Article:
Squirrel Removal in Hamilton | Skedaddle Wildlife Control skip to main content

SQUIRREL REMOVAL PROCESS

ASSESS AND REMOVE

Assess and Remove

Our comprehensive 50 point home inspection is designed to determine squirrel entry points and home damage. The attic is a common den site for squirrels where they gain access by chewing holes or slipping in between building materials. We then use hands-on removal techniques to humanely evict the squirrels.

clear and clean

Clear and Clean

Squirrels are notorious for creating large, messy nests within their den site and causing damage through chewing. Skedaddle will thoroughly clear away any nesting material and debris from the den and clean up the mess left behind. We can also replace soiled insulation and damaged ductwork if required.

PREVENT AND PROTECT

Prevent and Protect

Our final step is making sure your home is protected, not only against the current intruders, but all the other squirrels in your neighbourhood. To keep them out we will secure the entry points we identified, as well any other potential vulnerabilities.

 


Reviews from Our Hamilton Clients

Squirrel Removal Hamilton

 

Both the gray and red squirrel are found throughout Hamilton and the surrounding areas. Anyone who has spent time in the city knows that the grey squirrel, which can also be black or brown, is far more common. Red squirrels tend to be found primarily in areas with many coniferous (evergreen) trees, because the seeds from the trees’ cones form a large part of their diet. The Dundas Valley, where coniferous trees grow tall and strong is home to a thriving red squirrel population.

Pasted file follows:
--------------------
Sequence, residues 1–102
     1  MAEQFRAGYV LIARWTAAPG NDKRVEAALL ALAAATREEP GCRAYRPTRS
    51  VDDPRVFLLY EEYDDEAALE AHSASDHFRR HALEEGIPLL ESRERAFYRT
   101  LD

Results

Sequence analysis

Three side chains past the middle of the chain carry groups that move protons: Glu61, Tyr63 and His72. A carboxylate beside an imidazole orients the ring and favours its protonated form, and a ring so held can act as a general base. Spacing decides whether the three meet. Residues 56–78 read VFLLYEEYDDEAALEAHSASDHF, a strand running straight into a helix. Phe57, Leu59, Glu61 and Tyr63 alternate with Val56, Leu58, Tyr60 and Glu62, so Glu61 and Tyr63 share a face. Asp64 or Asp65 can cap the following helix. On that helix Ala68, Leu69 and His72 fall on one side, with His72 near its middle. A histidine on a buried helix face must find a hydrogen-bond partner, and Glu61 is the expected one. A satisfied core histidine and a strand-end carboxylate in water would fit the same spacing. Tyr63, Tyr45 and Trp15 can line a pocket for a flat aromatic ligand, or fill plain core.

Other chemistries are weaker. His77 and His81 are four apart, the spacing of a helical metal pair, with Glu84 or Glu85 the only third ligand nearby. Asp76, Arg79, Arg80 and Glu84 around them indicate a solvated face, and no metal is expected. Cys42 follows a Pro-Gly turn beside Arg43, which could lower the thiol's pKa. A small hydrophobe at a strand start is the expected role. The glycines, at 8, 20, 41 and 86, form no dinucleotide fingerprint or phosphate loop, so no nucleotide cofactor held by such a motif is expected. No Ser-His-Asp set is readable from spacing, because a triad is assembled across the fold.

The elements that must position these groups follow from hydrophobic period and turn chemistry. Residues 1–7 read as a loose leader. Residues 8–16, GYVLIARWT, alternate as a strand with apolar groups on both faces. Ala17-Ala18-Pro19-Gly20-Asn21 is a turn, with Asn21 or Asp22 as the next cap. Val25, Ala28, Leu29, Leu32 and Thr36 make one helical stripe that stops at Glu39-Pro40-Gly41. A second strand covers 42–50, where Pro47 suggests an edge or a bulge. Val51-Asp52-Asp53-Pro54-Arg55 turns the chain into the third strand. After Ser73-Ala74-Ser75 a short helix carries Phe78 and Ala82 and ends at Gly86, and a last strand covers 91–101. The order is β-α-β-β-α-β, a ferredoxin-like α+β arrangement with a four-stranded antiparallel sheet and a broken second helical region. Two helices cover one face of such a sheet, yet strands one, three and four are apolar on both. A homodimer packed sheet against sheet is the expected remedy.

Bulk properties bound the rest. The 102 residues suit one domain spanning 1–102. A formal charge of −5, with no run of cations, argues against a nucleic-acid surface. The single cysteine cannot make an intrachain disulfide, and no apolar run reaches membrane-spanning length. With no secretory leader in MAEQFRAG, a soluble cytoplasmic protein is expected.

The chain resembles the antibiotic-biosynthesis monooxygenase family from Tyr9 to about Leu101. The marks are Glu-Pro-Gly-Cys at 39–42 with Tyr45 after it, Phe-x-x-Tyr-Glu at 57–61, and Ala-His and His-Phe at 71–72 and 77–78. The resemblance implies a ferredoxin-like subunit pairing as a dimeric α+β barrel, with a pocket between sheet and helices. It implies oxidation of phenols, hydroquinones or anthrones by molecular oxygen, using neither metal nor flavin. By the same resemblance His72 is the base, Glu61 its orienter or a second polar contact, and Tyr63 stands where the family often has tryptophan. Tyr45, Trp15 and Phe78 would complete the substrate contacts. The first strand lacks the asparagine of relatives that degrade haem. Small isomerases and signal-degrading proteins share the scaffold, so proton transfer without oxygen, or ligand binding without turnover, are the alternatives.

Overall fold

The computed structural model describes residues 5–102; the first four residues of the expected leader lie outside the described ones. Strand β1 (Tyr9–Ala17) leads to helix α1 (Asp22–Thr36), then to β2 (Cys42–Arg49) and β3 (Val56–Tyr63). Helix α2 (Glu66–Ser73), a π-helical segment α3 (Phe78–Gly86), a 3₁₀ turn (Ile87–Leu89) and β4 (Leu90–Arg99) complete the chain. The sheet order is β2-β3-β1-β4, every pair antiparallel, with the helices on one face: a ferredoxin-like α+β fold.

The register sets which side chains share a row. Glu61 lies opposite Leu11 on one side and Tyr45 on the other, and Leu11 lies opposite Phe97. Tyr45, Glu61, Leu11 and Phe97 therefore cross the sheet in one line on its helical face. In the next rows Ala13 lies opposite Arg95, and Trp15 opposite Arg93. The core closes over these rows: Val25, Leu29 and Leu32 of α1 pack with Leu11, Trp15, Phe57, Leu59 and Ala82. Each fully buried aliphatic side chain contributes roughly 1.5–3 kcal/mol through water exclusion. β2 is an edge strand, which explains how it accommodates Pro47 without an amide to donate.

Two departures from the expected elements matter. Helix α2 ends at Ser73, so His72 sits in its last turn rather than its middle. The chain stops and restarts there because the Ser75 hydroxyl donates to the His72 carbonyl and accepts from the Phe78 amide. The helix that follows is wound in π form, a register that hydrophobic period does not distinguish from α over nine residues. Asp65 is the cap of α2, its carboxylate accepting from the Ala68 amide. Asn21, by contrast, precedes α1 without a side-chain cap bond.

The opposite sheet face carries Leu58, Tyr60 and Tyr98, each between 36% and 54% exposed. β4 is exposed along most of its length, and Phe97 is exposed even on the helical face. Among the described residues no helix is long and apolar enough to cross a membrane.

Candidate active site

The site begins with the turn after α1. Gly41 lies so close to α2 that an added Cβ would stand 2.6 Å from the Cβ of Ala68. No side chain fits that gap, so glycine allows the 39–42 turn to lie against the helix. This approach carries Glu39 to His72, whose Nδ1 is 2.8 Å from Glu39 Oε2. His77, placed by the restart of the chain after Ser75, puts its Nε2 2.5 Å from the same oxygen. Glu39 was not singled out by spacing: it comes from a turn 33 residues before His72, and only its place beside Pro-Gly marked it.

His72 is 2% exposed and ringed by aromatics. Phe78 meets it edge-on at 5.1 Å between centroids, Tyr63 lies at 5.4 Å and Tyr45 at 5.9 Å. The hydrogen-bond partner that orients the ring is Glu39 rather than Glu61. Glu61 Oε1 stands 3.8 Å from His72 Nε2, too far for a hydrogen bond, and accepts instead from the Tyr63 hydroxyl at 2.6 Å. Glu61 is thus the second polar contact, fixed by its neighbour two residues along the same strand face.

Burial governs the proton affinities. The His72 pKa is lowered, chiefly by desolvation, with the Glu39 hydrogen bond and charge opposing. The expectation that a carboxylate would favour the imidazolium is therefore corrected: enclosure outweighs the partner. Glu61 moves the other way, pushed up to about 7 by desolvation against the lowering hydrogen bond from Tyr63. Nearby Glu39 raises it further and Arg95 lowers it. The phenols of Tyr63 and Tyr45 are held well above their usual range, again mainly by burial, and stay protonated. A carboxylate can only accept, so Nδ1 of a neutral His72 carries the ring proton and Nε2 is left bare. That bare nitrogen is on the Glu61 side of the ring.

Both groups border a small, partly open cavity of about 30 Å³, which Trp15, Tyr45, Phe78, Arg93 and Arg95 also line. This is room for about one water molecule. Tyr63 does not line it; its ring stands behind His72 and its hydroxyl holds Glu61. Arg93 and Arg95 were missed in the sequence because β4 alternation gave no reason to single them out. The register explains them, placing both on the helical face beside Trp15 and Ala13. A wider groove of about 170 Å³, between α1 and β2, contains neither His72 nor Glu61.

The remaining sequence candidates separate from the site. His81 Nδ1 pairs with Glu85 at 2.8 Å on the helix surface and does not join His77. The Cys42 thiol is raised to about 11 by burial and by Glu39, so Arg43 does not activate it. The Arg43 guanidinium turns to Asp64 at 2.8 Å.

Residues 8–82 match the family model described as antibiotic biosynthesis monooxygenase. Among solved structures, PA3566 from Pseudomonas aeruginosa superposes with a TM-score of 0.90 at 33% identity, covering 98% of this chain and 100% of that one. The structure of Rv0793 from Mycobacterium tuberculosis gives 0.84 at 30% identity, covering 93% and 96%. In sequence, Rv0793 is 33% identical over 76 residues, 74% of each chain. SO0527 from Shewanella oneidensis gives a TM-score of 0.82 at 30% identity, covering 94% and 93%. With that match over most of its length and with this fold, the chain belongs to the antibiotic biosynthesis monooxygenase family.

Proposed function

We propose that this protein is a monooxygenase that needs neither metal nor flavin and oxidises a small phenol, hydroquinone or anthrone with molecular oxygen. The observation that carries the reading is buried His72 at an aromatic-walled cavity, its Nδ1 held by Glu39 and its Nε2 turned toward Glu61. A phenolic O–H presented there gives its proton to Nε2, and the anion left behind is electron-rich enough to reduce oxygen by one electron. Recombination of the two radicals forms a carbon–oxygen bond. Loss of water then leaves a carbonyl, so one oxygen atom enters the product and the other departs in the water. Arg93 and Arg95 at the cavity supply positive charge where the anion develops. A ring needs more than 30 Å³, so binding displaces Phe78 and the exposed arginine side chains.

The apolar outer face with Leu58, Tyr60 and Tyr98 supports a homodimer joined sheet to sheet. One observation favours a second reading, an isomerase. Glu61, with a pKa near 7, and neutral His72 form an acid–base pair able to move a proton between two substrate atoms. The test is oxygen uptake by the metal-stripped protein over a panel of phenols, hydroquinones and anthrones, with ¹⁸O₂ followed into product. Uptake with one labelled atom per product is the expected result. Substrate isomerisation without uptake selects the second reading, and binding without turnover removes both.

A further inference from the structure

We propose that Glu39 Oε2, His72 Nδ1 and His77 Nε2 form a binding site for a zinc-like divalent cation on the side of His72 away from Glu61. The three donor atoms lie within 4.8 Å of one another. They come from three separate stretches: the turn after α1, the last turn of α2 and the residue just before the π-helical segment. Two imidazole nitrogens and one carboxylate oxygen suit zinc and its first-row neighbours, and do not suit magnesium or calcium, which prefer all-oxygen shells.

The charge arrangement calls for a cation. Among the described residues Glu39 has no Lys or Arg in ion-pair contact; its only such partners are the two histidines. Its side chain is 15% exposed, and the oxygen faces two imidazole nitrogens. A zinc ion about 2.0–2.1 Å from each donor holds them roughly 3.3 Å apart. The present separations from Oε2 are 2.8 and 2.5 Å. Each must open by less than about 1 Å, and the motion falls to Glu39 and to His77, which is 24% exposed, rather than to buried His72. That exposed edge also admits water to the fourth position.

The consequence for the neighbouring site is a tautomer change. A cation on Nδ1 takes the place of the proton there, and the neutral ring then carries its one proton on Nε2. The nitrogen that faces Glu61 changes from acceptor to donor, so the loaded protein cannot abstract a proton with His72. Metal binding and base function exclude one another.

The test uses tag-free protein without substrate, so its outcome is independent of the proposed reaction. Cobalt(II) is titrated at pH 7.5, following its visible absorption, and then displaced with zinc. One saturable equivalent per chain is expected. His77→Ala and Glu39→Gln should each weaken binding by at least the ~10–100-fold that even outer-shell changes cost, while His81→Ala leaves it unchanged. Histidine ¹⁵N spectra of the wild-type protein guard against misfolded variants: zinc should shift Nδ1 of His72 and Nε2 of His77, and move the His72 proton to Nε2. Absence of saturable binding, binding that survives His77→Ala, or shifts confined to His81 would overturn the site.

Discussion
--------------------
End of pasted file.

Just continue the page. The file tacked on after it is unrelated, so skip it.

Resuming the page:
These rodents typically build nests on bare tree branches high above the ground. They can, however, end up in your home, making their way into attics and sometimes traveling down walls. Once they’ve established themselves, their chewing habits can cause a significant amount of damage to an attic and electrical wires, and their presence can pose a health hazard. Evicting squirrels requires the expertise of Skedaddle’s professional Hamilton squirrel removal team.

Best Nesting Spots for Hamilton Squirrels

If you’ve spotted a squirrel in the city, you’ll know how much they love their time in the trees. For squirrels in Hamilton, trees provide food, safe travel and nesting opportunities in an urban setting. The more mature and dense the tree population in your neighbourhood, the more squirrels are able to thrive and potentially make their way into your attic. While squirrels are found throughout the city, their numbers are greatest in Hamilton’s older neighbourhoods, like Durand, Kirkendall, and Westdale, where mature tree canopies are the norm and their access to roofs is easiest.